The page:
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N-Terminal Proteoforms in Human Disease

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Abstract
The collection of chemically different protein variants, or proteoforms, by far exceeds the number of protein-coding genes in the human genome. Major contributors are alternative splicing and protein modifications. In this review, we focus on those proteoforms that differ at their N termini with a molecular link to disease. We describe the main underlying mechanisms that give rise to such N-terminal proteoforms, these being splicing, initiation of protein translation, and protein modifications. Given their role in several human diseases, it is becoming increasingly clear that several of these N-terminal proteoforms may have potential as therapeutic interventions and/or for diagnosing and prognosing their associated disease.
Keywords
Biochemistry, Molecular Biology

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Please use this url to cite or link to this publication:

MLA
Bogaert, Annelies, et al. “N-Terminal Proteoforms in Human Disease.” Trends in Biochemical Sciences, 2020.
APA
Bogaert, A., Fernandez Fernandez, M., & Gevaert, K. (2020). N-Terminal Proteoforms in Human Disease. Trends in Biochemical Sciences.
Chicago author-date
Bogaert, Annelies, Maria Fernandez Fernandez, and Kris Gevaert. 2020. “N-Terminal Proteoforms in Human Disease.” Trends in Biochemical Sciences.
Chicago author-date (all authors)
Bogaert, Annelies, Maria Fernandez Fernandez, and Kris Gevaert. 2020. “N-Terminal Proteoforms in Human Disease.” Trends in Biochemical Sciences.
Vancouver
1.
Bogaert A, Fernandez Fernandez M, Gevaert K. N-Terminal Proteoforms in Human Disease. Trends in Biochemical Sciences. 2020;
IEEE
[1]
A. Bogaert, M. Fernandez Fernandez, and K. Gevaert, “N-Terminal Proteoforms in Human Disease,” Trends in Biochemical Sciences, 2020.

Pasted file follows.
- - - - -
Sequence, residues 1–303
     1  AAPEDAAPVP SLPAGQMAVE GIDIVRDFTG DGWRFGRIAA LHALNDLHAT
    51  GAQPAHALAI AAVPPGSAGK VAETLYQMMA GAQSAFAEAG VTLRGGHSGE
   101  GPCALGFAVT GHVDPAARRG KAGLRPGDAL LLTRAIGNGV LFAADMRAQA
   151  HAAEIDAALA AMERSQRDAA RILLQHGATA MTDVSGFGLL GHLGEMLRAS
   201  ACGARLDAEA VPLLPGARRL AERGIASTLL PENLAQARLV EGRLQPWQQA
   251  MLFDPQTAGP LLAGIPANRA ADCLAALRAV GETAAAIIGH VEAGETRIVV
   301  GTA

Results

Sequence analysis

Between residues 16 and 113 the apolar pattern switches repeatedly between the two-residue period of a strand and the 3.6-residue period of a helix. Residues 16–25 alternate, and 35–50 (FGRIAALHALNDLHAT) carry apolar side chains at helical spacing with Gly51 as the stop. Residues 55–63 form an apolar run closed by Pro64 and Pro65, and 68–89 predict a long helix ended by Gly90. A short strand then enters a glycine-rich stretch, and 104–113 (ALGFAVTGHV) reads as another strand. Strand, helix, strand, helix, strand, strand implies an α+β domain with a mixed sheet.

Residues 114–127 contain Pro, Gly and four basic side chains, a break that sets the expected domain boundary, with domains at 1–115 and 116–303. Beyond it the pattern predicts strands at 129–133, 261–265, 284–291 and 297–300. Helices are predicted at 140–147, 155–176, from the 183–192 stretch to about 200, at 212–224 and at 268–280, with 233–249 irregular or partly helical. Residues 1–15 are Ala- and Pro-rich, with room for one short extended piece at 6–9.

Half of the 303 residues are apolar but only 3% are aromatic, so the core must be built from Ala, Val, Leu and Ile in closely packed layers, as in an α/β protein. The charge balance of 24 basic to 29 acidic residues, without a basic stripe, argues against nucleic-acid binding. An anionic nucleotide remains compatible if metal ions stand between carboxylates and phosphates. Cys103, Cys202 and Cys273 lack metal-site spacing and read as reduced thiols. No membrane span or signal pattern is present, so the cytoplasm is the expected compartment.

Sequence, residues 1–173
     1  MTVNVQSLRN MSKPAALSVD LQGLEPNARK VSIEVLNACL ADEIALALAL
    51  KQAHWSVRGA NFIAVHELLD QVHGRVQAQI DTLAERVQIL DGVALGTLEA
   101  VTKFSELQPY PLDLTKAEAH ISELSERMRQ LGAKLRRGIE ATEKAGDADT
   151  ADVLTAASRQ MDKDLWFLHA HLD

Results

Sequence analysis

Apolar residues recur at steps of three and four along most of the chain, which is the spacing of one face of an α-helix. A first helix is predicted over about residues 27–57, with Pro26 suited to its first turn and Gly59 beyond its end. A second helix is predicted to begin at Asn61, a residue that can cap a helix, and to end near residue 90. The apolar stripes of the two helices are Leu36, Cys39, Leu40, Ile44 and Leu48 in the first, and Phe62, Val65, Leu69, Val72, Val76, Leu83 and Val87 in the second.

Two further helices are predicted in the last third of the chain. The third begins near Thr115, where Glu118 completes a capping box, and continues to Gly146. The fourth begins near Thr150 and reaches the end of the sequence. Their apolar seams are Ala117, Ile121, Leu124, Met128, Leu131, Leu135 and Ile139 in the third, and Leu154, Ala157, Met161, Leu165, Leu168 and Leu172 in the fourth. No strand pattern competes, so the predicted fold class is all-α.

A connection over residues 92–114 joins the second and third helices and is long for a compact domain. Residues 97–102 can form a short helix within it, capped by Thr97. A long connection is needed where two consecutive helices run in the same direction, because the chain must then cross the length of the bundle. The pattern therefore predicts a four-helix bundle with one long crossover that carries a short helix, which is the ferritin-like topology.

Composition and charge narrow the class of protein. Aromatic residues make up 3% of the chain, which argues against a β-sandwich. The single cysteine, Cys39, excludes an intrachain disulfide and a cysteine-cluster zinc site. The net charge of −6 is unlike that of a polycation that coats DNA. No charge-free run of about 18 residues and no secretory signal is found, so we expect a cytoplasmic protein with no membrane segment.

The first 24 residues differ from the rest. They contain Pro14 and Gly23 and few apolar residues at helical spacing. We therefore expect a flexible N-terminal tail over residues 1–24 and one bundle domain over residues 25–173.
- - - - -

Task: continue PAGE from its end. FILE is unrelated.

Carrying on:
@article{8647000,
  abstract     = {The collection of chemically different protein variants, or proteoforms, by far exceeds the number of protein-coding genes in the human genome. Major contributors are alternative splicing and protein modifications. In this review, we focus on those proteoforms that differ at their N termini with a molecular link to disease. We describe the main underlying mechanisms that give rise to such N-terminal proteoforms, these being splicing, initiation of protein translation, and protein modifications. Given their role in several human diseases, it is becoming increasingly clear that several of these N-terminal proteoforms may have potential as therapeutic interventions and/or for diagnosing and prognosing their associated disease.},
  author       = {Bogaert, Annelies and Fernandez Fernandez, Maria and Gevaert, Kris},
  issn         = {0968-0004},
  journal      = {Trends in Biochemical Sciences},
  keywords     = {Biochemistry,Molecular Biology},
  language     = {eng},
  title        = {N-Terminal Proteoforms in Human Disease},
  url          = {http://dx.doi.org/10.1016/j.tibs.2019.12.009},
  year         = {2020},
}

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